Software-defined processors for edge AI get two new compilers - Embedded.com

Software-defined processors for edge AI get two new compilers

For its software-defined AI processors, Ambient Scientific releases vertical compilers for fast development of AI applications, and a generic compiler to enable more programming flexibility.

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Ambient Scientific, a developer of programmable processors for implementing artificial intelligence (AI) capabilities in always-on edge and endpoint devices, has announced the beta release of software compilers for its GPX-10 processor.

It is making available two types of compilers – vertical compilers for fast development of AI applications, and a generic compiler to enable more programming flexibility. Developers will be able to download the vertical compliers along with the development environments for training, validation, and deployment to its GPX-10 AI processor; sample voice, vision and sensor-fusion applications are provided for quick proof of concept tests. Both the vertical and generic compilers are built to scale user applications across all ten of its programmable AI cores of the GPX-10 to optimize performance and power consumption.

The vertical compilers allow developers to create applications for specific applications like voice, computer vision and sensor fusion, using pre-determined neural networks. The vertical compiler for voice enables voice-based AI applications such as the creation of custom wake words, command phrase menu, and voice-IDs. This will then allow end users to create or change their wake-words, phrases, and voice-IDs as many times as they choose over the life of the product. This is particularly useful in situations where the device use-conditions are changed, or the user decides to repurpose an already deployed device.

Ambient Scientific vertical compiler
The vertical compilers allow developers to create applications for specific applications like voice, computer vision and sensor fusion, using pre-determined neural networks. (Image: Ambient Scientific)

A vertical compiler for vision enables the creation of various computer vision applications with up to 21 classes of vision-objects as defined by the OEM (original equipment manufacturer). The vertical compiler for sensor fusion enables developers to implement multi-parameter-based sensor fusion AI inferencing – which Ambient claims is a first of its kind in endpoint devices.

The company’s generic compiler enables developers to implement computer vision applications for recognition of up to 100 object classes. It supports most pre-trained and pre-built computer vision models (based on Mobilenet v1/v2, Resnet, VGG etc.) that are commonly used in industry for commercial or benchmarking purposes. Developers can also use Ambient Scientific’s generic compiler to develop and implement CNN based custom applications for computer vision such as object recognition and classification, presence and occupancy detection. These applications can be built with transfer learning from pretrained models or developed from scratch.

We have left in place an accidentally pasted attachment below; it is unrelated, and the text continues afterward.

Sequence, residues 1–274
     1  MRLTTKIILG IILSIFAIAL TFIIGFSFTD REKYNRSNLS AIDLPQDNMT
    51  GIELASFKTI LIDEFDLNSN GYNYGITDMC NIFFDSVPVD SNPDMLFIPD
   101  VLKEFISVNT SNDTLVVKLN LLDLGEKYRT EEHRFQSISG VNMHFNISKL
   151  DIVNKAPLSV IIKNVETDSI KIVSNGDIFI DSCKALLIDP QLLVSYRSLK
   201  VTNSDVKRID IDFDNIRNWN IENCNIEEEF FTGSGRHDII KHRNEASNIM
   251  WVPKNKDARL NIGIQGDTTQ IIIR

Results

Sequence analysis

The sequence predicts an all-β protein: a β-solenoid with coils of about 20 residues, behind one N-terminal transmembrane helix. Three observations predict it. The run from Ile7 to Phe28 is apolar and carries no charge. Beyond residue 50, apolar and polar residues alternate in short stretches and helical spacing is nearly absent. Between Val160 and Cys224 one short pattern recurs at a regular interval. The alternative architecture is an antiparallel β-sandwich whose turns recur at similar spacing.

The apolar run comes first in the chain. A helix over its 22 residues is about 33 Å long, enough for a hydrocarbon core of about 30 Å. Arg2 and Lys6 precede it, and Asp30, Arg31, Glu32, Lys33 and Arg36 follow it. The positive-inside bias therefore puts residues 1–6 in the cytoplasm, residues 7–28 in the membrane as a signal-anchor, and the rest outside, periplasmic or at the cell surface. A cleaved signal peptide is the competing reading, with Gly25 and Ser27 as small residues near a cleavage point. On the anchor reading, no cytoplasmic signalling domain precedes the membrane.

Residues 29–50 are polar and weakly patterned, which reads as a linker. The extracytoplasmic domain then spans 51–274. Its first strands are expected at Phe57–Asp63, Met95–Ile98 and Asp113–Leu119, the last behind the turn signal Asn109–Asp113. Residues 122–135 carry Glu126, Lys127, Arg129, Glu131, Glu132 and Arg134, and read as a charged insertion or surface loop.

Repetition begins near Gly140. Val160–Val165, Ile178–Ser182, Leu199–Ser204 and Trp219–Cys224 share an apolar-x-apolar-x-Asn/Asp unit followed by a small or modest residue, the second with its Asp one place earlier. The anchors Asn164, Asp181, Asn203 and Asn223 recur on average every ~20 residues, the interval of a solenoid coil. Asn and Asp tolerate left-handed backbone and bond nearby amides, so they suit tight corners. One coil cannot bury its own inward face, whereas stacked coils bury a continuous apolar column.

Ambient Scientific Generic Compiler
The generic compiler enables developers to implement computer vision applications for recognition of up to 100 object classes, and supports most pre-trained and pre-built computer vision models that are commonly used in industry for commercial or benchmarking purposes. (Image: Ambient Scientific)

The generic compiler is framework agnostic. It allows developers to create neural network models using their own choice of AI frameworks such as TensorFlow, PyTorch, caffe, paddle-paddle, CNTK, C++, and deploy their models on GPX-10 AI processor.

The GPX-10 processor

Ambient Scientific was founded in 2017 with a purpose to develop software-defined AI processors for on-device inference and adaptive training to enable intelligence in always on and endpoint devices. It was founded by Gajendra Prasad Singh, the CEO, who spent his early career on SPARC development teams at Sun Microsystems, and prior to Ambient was VP of engineering at Wave Computing, where he worked on and invented various designs and implementations, including demonstrating a 10 GHz processor design using conventional CMOS processes.

At Ambient, he and his team have built their own processor architecture from the ground-up, to enable AI to be run effectively on an end device, which they call the DigAn. This architecture can scale from five cores to 8,000 cores and from 40nm technology to 7nm or 5nm technology, so the company is building a roadmap of AI processors to address a range of edge AI applications starting from endpoint AI devices, with the first products in the family of GPX AI processors being the GPX-10 and GPX-5.

For these processors, each core is software-defined and programmable, and provides support for multiple operand resolutions for both weights and inputs. Operand resolution can be set and modified dynamically by the application to optimize performance and power consumption. Each core can be enabled, disabled and halted dynamically; and character morphing between inference and training is possible, where the processors can switch modes between training and inference dynamically under application control.

The GPX-10 is an integrated SoC with 10 AI cores, 8 simultaneous sensor fusion, ultra-low-power ADCs, custom memories with ARM M4F core and peripherals. The company said it features a power consumption of 80 microwatts or less for always-on wake word or anomaly detection and can run always-on AI applications for multiple years on a single coin-cell battery. It adds that charger-less AI applications are possible by harvesting energy from various natural sources such as kinetic energy and RF energy.


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